Hadera was founded in 1890 by members of Hovevei Zion, a group of Zionist immigrants from Russia and Eastern Europe. Theirs was a most difficult life … draining swamps, learning to plant orchards, fending an isolated community among sometimes hostile Arabs. But they succeeded, at first by draining the swamps, a project that lasted nearly four decades. The settlers received aid in 1895 when Baron Edmond de Rothschild, a wealthy French philanthropist, gave them funds to drain the swamps by building canals and planting large eucalyptus groves. The eucalyptus tree soon became Hadera's symbol.
At first, agriculture was the main occupation of Hadera's settlers. They planted field and vegetable garden crops and citrus groves. But as the population of Hadera increased, the economy expanded and industrialized. Today, industry has become the main element in the town's economy. Situated in Hadera are the American Israel Paper Mills, and the Alliance Tire and Rubber Company, food-preserve plants and other enterprises. Agriculture, however, has continued to develop and there are now carp ponds, beehives, cattle, poultry, and flower and banana fields in Hadera. In the early 1990s, there were 46,000 inhabitants. Today, the population numbers approximately 80,000.
The name Hadera comes from the Arabic al-Khadra_' ("the Green"), referring to the color of the swamp vegetation of the area. The notorious swamps of Hadera caused more than half the settlers of Hadera to die of malaria during its first 20 years. Hadera, considered a relatively safe place by its citizens, was jolted by a suicide bomber who blew himself up at a falafel stand on October 26, 2005, killing five civilians. The attack came on the heels of public remarks made earlier that day by Iranian president Mahmoud Ahmadinejad at an anti-semitic conference in Tehran.
Speaking at the The World without Zionism conference, Ahmadinejad said that “Israel must be wiped off the map” and called for a new wave of Palestinian attacks against Israel that “will wipe this stigma from the face of the Islamic world”. Palestinian terrorists responded quickly by launching an attack against civilians in Hadera.
The "K'han" Museum is located in the historic center of Hadera. The impressive sandstone building was, originally, an Ottoman farmstead building dating from the mid 1800's. The building, together with the surrounding lands which make up the city of Hadera, was purchased in 1890 by four Zionist organizations from Eastern Europe.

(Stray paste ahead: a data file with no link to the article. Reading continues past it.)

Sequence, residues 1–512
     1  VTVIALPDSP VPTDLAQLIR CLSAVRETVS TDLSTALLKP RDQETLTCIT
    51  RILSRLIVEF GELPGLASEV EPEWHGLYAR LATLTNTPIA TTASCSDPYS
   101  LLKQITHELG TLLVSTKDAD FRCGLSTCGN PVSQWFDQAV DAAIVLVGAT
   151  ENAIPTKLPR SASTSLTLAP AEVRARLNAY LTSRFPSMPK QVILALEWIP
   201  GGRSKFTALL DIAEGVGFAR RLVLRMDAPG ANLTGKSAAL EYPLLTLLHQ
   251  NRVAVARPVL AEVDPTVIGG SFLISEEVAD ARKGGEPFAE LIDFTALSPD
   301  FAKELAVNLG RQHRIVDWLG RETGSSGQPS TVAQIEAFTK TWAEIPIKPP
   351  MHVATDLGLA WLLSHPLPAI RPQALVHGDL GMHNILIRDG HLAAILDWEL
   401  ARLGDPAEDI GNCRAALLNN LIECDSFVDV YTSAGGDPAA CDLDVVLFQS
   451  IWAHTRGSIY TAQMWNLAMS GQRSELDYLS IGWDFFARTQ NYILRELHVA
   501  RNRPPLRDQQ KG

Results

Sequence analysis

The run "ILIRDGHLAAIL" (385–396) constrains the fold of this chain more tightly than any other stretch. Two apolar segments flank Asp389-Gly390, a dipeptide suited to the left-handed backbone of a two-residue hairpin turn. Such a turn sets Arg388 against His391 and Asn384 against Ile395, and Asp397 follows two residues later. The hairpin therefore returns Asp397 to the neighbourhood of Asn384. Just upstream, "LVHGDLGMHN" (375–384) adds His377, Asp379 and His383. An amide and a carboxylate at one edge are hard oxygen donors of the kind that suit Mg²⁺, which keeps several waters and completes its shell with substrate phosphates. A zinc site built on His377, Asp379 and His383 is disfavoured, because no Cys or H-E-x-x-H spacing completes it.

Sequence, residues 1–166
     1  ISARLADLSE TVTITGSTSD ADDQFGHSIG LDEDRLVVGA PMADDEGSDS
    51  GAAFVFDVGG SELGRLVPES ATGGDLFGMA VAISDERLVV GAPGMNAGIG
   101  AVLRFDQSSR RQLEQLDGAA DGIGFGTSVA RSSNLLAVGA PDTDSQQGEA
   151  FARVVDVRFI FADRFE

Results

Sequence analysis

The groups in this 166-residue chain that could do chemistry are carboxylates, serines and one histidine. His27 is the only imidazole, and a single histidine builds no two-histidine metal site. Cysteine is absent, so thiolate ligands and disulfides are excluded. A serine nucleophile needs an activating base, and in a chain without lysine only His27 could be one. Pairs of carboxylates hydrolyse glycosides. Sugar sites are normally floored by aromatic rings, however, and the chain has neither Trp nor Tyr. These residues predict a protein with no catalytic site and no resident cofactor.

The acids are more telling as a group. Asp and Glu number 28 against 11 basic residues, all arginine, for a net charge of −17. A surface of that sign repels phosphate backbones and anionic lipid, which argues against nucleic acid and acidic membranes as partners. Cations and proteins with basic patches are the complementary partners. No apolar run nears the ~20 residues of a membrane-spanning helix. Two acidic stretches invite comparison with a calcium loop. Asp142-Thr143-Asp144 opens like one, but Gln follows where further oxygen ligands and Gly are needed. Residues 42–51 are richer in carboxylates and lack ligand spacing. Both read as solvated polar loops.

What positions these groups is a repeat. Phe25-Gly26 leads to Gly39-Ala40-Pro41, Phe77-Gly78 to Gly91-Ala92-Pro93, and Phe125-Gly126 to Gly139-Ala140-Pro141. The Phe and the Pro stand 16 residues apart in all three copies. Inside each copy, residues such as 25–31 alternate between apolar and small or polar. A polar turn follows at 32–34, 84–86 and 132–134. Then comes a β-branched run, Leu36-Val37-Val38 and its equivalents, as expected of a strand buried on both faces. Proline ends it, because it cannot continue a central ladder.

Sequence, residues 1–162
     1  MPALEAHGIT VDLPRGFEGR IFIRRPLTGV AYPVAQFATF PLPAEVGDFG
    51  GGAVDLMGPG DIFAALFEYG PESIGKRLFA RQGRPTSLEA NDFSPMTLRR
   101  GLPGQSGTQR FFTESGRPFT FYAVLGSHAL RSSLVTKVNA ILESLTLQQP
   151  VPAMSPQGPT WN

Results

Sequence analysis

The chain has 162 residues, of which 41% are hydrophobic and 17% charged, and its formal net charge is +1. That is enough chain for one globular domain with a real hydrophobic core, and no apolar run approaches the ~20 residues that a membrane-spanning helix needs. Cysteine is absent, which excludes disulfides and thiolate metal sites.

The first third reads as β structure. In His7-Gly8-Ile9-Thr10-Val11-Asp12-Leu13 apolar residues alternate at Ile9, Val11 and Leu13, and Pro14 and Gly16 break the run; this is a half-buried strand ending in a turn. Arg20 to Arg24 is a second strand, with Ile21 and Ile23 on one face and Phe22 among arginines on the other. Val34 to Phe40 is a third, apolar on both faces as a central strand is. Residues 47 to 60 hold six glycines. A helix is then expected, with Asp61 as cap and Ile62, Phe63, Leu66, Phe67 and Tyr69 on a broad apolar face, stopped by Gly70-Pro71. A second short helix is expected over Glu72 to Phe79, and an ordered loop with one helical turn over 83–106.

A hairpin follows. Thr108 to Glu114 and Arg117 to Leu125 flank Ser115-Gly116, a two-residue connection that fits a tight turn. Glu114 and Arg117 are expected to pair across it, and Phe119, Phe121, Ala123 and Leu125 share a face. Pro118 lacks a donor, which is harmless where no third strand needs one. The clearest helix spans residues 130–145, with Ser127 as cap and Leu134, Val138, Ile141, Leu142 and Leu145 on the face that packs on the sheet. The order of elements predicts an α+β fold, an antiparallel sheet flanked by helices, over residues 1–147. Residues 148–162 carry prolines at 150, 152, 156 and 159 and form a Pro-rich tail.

For six years, the K'han served as temporary living quarters for Hadera's first settlers. Only 11 original rooms remain today; Those house the city's archives, as well as displays narrating the history of Hadera. The rooms are also used for the purpose of cultural and educational activities. While in The K’han’s lecture room, you will also be standing in what was Hadera’s first synagogue, founded by the pioneers in 1891. For more information about the museum, visit the website.
The Founder’s Park was initially planted in 1911 to serve as an experimental plantation for Aharon Aharonson. It was renovated in 1990 by the world renown artist Dani Karavan to combine the old and new, as well as to commemorate the region’s founders and its fallen soldiers.
Situated in the historic center of Hadera, the park is home to the Yad La'banim memorial hall and the municipal library, which traces its beginnings to 1911.
The Educational Greenhouse is a worldwide unique environmental project that is also deemed a piece of art. Located in Kibbutz Ein-Shemer, the Greenhouse is an ecological system founded by artist Avital Geva. It takes an innovative approach to balancing relations between different elements in the environment and, subsequently, between human beings. Its unique system brings together water, fauna and flora for mutual sustenance and cooperation.
The entire project is maintained by dedicated teenagers who express their creativity and thoughts through their work. Nothing similar can be found anywhere else in the world.
The Aqua Dora diving center is open all year round and unique for shallow water, archeology, technical and wreck diving. Its facilities are today’s most modern on the Israeli Mediterranean coast. Guiding and instruction are in English and Hebrew.
Visitors have free use of all facilities; entrance to private beach and reductions to the Dor Beach Guesthouse and local maritime archeology museum. Aqua Dora is licensed for diving.